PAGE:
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Types of Biodiversity

Biodiversity usually makes our planet beautiful, keeps the planet balanced, and helps it to function accordingly. In particular, biodiversity refers to the variability of life on Earth. As there are different types of biodiversity, perhaps the greatest value of biodiversity is yet unknown. Many of the Earth's biodiversity is disappearing at an increasingly alarming rate, even before we know what is missing. However, scientists and researchers worldwide are working on finding the actual cause and eliminating or slowing down the loss rate.

Here, we are discussing the different types of biodiversity and their details. Before discussing the various biodiversity types, let us first get a quick overview of biodiversity with its definition and understand its importance.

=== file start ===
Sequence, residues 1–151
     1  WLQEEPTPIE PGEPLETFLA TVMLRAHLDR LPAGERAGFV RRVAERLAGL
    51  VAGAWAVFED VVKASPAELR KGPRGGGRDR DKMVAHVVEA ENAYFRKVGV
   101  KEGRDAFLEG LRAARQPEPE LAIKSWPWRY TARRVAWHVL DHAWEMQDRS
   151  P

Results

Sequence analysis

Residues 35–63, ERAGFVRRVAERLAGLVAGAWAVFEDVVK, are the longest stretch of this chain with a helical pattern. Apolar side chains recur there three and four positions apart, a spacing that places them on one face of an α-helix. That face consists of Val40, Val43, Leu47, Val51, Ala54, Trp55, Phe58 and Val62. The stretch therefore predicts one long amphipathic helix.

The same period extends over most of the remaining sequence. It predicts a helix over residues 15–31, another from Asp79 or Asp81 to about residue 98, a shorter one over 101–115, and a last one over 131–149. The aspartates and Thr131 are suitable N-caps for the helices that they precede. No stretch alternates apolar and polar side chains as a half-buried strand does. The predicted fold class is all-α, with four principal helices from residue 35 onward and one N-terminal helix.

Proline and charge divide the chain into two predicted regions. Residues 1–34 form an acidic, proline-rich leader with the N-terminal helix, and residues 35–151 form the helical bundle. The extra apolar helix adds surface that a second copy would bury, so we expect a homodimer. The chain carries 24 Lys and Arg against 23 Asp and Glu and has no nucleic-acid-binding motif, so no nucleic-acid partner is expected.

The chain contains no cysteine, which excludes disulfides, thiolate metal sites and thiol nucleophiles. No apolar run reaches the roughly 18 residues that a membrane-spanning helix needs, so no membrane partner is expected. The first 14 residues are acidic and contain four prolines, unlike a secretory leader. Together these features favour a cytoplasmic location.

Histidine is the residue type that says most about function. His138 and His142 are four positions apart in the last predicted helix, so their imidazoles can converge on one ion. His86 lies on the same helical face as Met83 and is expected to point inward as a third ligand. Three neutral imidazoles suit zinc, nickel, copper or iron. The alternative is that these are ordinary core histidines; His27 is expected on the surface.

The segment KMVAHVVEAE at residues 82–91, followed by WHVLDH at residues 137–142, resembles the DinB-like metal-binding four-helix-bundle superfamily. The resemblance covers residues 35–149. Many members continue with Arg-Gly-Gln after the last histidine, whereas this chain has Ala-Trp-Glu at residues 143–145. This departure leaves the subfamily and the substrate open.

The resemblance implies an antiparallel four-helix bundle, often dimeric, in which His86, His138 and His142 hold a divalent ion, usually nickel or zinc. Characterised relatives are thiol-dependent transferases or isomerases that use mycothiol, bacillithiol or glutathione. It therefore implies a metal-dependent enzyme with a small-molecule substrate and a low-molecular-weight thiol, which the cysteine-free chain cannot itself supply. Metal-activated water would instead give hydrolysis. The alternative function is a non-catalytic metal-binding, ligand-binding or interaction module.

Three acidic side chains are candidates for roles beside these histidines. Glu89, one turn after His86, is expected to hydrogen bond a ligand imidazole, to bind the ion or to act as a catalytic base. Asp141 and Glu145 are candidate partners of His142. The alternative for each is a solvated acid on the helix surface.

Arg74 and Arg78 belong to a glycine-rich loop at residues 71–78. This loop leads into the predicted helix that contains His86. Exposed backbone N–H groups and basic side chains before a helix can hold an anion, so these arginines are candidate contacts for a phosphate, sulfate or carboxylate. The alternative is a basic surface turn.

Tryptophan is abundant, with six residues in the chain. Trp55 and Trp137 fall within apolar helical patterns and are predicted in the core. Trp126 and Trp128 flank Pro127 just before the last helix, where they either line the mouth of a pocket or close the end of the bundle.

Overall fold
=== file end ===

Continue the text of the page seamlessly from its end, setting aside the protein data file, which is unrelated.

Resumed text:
What is Biodiversity?

Biodiversity, also called biological diversity, is one of the most complex and essential features of our planet (Earth). It describes the richness and diversity of life on Earth. It refers to the variability between plants, animals, and microorganism species. Life cannot exist without biodiversity. The biodiversity typically includes all terrestrial (land-dwelling), marine (aquatic), and many other ecosystems and ecological complexes. The term biodiversity was initially introduced in 1985.

By definition, biodiversity refers to the variation among living organisms from distinct sources, including terrestrial, marine, and desert ecosystems and their ecological complexes.